United States District Court, D. Arizona
Planned Parenthood Arizona, Inc.; William Richardson, M.D.; and William H. R. Richardson M.D., P.C., doing business in Tucson Women's Center, Plaintiffs,
Will Humble, Director of the Arizona Department of Health Services, in his official capacity, Defendant
For Planned Parenthood Arizona Incorporated, Plaintiff: Alice Clapman, Helene T Krasnoff, LEAD ATTORNEYS, Planned Parenthood Federation of America - Washington, DC, Washington, DC; Lawrence Jay Rosenfeld, LEAD ATTORNEY, Squire Sanders (U.S.) LLP - Phoenix, AZ, Phoenix, AZ.
For William Richardson, M.D., doing business as Tucson Women's Center, William H Richardson, M.D., P.C., doing business as Tucson Women's Center, Plaintiffs: David Brown, Julie Rikelman, LEAD ATTORNEYS, Tiseme Zegeye, Center for Reproductive Rights, New York, NY; Lawrence Jay Rosenfeld, LEAD ATTORNEY, Squire Sanders (U.S.) LLP - Phoenix, AZ, Phoenix, AZ.
For William Humble, named as Will Humble, Director of the Arizona Department of Health Services, in his official capacity, Defendant: G Michael Tryon, Gregory David Honig, Kevin D Ray, LEAD ATTORNEYS, Office of the Attorney General, Phoenix, AZ; Patricia Cracchiolo LaMagna, LEAD ATTORNEY, Tempe, AZ.
David C. Bury, United States District Judge.
On March 4, 2014, Plaintiffs filed this Complaint and filed a Motion for Temporary Restraining Order on March 7, 2014. Plaintiffs are Arizona health care providers, who provide surgical and medication abortions. They challenge HR 2036, A.R.S. 36-449.03: Abortion clinics; rules; civil penalties, subsection (E)(6), which mandates: " That any medication, drug or other substance used to induce an abortion is administered in compliance with the protocol that is authorized by the United States Food and Drug Administration (FDA) and that is outlined in the final printing labeling instructions[, the FDL,] for that medication, drug or substance." The Director adopted such a regulation on January 27, 2014. The law and regulations become effective on April 1, 2014, unless the Court issues a preliminary injunction. The Court denies the Motion for a Preliminary Injunction.
Standard for Preliminary Relief:
According to the Supreme Court, the proper standard for granting or denying a preliminary injunction is as follows:
A plaintiff seeking a preliminary injunction must establish that he is likely to succeed on the merits, that he is likely to suffer irreparable harm in the absence of preliminary relief, that the balance of equities tips in his favor, and that an injunction is in the public interest.
Winter v. NRDC, Inc., 555 U.S. 7, 20, 129 S.Ct. 365, 172 L.Ed.2d 249 (2008); see also Stormans, Inc. v. Selecky, 586 F.3d 1109, 1126-27 (9th Cir.2009) (abandoning the Ninth Circuit's prior preliminary injunction test and applying Winter ).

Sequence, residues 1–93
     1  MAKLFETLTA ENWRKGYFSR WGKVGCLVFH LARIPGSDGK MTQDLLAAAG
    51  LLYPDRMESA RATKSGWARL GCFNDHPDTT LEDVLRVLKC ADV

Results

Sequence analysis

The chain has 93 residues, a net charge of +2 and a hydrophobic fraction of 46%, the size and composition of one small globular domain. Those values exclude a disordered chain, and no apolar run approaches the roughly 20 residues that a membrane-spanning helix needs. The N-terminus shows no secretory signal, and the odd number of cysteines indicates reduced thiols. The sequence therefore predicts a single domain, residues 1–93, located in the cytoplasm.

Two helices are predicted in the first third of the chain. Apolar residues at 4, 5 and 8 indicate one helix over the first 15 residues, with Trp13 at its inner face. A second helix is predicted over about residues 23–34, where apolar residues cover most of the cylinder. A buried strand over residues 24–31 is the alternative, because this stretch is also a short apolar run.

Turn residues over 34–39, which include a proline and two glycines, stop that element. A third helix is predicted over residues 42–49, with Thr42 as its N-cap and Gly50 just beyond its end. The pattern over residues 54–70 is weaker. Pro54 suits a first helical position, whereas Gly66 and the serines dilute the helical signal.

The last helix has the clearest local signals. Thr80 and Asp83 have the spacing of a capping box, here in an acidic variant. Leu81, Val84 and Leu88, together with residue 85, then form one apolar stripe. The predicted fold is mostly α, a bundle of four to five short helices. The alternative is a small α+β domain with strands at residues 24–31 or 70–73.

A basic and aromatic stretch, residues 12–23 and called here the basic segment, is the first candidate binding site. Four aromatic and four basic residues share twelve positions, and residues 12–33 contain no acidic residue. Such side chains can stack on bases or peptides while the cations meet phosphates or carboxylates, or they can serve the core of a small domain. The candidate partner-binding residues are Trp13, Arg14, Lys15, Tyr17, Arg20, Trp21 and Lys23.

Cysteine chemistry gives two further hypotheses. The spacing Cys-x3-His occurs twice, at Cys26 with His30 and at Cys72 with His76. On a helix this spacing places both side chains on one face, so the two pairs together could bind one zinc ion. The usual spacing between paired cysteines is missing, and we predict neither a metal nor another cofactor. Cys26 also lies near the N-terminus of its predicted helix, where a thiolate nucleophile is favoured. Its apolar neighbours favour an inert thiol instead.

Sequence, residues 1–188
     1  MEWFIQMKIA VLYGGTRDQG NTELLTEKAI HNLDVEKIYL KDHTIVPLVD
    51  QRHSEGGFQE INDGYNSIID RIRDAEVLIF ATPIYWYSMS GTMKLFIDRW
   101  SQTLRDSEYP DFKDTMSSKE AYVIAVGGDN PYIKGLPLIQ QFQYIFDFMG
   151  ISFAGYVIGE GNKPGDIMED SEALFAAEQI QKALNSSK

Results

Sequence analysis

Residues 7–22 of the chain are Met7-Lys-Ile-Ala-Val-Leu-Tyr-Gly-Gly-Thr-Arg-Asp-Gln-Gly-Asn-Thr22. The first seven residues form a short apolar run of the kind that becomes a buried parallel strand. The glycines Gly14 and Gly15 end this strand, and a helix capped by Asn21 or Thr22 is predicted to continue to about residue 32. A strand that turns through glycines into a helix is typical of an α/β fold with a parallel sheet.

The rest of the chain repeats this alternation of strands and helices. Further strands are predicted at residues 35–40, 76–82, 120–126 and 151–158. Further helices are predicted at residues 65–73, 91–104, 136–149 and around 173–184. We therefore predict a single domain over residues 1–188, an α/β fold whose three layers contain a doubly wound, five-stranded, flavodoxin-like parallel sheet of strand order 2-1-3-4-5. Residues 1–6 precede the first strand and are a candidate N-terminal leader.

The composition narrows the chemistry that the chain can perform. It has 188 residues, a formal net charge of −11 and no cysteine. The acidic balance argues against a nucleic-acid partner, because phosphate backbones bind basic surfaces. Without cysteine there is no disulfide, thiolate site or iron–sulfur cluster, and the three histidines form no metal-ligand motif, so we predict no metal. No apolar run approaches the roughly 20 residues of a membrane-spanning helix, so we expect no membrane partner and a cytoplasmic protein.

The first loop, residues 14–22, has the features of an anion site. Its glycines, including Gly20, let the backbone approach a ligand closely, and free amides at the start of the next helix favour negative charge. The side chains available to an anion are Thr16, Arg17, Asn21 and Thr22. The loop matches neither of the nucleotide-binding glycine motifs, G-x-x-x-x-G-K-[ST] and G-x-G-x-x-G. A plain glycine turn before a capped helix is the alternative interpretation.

Prior to Winter, the Ninth Circuit recognized an alternative sliding-scale standard requiring a plaintiff to demonstrate either a combination of probable success on the merits and the possibility of irreparable injury or that serious questions are raised and the balance of hardships tips sharply in his favor. Taylor v. Westly, 488 F.3d 1197, 1200-1201 (9th Cir. 2007). Post- Winter, the " sliding scale" approach to preliminary injunctions remains only to the extent " 'the elements of the preliminary injunction test are balanced, so that a stronger showing of one element may offset a weaker showing of another.'" Pimentel v. Dreyfus, 670 F.3d 1096, 1105 -1106 (9th Cir. 2012) (quoting Alliance for the Wild Rockies v. Cottrell, 632 F.3d 1127, 1131 (9th Cir. 2011)). Plaintiffs " must establish that irreparable harm is "
likely, not just possible," regardless of the strength of Plaintiffs' showing on the other three elements. Alliance for the Wild Rockies, 632 F.3d at 1131 (applying Winters ). The sliding scale supports a preliminary injunction when there are " serious questions going to the merits"  and the hardship balance tips sharply toward the plaintiff, assuming the other two elements of the Winter test are also met. Drakes Bay Oyster Co. v. Jewell, 747 F.3d 1073, 2014 WL 114699 (9th Cir. Jan. 14, 2014) (citing Alliance, 632 F.3d at 1131-32)).
HR 2036: RU-486 medication abortion:
The statute and corresponding regulation involves a medication abortion protocol using a combination of two prescription drugs: mifepristone (RU-486 or Mifeprex) and misoprostol (Cytotec). The first drug kills the embryo/fetus and the second causes the ...